Firstly I would like to say thank you to NetGalley and Random House Australia for letting me read this book in return for my honest review!
The people of Kaya die in pairs. When one lover dies, the other does too. So it has been for thousands of years – until Ava. Vowing revenge upon the barbarian queen of Pirenti, Ava’s plan is interrupted when she is captured by the deadly prince of her enemies. Prince Ambrose has been brought up to kill and hate. But when he takes charge of a strangely captivating Kayan prisoner and is forced to survive with her on a dangerous island, he must reconsider all he holds true . . .
When I first read the description for this book it really intrigued me: the fantasy elements reminded me of the ‘Throne of Glass’ series by S.J. Maas (which I loved!), but with some unique plot ideas that made it stand out as its own unique story. As a result, I had quite high expectations, but I’m glad to say I enjoyed reading it.
The story is told from the point of view of four of the characters: Ava, Ambrose, Rosalyn and Thorne. I liked this as it helped heighten the tension of the plot – this outside view meant you could see all the deceptions and plot developments. This writing style also really helped with the character development, as you can get inside the thoughts of all the main characters, rather than just one.
The characters were all really interesting; they developed and changed (for the better, mostly) as the novel progressed, which was nice to watch. The one time I felt it should have changed sooner was with the character of Ava and her feelings of love – I felt it dragged on too far, and I started to get frustrated with her towards the end.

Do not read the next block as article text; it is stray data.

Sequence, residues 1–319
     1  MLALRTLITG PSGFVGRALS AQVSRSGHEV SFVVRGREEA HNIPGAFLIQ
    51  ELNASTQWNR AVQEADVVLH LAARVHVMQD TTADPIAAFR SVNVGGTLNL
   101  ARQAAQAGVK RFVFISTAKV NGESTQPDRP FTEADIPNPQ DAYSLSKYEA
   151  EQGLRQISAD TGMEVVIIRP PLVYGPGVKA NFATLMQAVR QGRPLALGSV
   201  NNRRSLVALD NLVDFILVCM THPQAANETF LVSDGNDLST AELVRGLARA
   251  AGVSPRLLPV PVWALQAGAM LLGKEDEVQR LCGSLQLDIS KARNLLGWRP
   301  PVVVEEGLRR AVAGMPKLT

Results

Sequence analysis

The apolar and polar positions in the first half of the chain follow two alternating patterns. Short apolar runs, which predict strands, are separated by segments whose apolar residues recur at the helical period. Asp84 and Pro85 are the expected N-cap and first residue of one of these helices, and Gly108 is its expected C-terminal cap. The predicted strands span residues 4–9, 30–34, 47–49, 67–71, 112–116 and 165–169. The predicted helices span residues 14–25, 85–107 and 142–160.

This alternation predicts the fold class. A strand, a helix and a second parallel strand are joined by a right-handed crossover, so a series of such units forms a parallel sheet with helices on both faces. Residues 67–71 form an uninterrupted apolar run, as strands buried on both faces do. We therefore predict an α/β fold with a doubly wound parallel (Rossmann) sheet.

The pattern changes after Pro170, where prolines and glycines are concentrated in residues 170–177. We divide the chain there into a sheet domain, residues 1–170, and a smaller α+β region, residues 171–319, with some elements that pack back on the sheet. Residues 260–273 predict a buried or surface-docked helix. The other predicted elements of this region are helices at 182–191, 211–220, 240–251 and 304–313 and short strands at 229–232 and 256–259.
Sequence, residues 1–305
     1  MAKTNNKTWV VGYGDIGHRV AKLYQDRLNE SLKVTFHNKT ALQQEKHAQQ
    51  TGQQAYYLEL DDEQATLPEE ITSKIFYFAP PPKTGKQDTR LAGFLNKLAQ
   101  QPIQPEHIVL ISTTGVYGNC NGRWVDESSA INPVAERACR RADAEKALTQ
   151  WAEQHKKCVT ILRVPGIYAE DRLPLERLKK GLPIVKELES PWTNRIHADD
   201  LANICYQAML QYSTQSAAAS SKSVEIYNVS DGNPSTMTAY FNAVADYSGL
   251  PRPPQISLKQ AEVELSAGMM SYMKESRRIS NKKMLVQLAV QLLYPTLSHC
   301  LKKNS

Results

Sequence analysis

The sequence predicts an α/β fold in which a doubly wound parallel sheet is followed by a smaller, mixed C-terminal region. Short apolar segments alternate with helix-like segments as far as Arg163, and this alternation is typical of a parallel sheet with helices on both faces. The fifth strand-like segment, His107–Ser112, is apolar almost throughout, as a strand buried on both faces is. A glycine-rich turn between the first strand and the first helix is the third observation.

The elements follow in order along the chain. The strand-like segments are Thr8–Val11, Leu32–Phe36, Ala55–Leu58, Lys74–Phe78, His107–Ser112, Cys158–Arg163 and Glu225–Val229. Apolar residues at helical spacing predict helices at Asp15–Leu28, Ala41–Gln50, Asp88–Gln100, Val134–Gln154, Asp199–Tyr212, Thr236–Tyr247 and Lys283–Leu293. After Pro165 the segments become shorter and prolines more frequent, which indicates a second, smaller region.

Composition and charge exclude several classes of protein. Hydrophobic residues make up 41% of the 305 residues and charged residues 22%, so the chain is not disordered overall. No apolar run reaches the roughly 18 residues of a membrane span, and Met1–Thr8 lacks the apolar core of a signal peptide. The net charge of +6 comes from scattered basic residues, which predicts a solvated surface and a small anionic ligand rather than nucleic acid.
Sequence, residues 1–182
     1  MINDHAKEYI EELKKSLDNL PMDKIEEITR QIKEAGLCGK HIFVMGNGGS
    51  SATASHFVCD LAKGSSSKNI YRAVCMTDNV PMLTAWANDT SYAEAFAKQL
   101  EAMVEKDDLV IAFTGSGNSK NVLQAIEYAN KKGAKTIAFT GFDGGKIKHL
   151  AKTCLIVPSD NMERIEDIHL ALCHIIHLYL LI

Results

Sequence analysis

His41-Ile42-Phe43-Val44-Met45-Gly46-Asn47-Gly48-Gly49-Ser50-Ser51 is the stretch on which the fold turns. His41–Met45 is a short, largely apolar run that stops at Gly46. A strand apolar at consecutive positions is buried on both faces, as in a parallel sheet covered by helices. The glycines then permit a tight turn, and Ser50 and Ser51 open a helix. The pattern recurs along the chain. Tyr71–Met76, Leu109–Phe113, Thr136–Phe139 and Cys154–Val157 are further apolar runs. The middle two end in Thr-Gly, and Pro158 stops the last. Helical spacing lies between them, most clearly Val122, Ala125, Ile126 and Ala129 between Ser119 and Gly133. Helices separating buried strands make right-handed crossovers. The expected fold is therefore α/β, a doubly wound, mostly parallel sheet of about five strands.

The storyline was engaging from the very beginning. In the first chapters McConaghy sets out the context of the plot that really pulls the reader in, and make you want to read on and discover what you aren’t told at first. The plot throughout was full of action and suspense, and definitely a page-turner! (Every time I put this book down I wanted to pick it up again and carry on reading!)
However, I did feel that some plot developments weren’t quite realistic; they felt too convenient. For example, when Ambrose wants to find his brother he just happens to choose somewhere that his brother would never usually be, and yet he finds him there… Also, there were some aspects of characters that weren’t explored at all after it was mentioned once, even though they seemed very important. But this book is part of a series, so I imagine McConaghy intends to explore this later.
On the whole, it was a great book, and I really liked it. I will be putting the next books in the series on my Books To Buy List, that’s for sure!